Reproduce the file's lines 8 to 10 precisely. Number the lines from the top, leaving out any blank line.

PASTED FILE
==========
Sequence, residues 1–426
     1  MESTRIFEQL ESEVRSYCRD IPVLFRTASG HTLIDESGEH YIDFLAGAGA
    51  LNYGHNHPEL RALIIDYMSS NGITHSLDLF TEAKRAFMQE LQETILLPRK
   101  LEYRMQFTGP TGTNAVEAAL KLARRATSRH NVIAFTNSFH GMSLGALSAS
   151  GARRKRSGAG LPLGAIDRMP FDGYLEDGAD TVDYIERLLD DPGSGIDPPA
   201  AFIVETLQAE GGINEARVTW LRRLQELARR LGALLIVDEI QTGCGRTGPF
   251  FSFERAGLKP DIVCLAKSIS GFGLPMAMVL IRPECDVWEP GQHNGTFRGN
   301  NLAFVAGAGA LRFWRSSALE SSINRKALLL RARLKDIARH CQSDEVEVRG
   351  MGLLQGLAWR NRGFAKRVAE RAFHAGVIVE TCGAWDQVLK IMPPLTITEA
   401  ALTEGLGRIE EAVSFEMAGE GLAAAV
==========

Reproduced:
   301  NLAFVAGAGA LRFWRSSALE SSINRKALLL RARLKDIARH CQSDEVEVRG
   351  MGLLQGLAWR NRGFAKRVAE RAFHAGVIVE TCGAWDQVLK IMPPLTITEA
   401  ALTEGLGRIE EAVSFEMAGE GLAAAV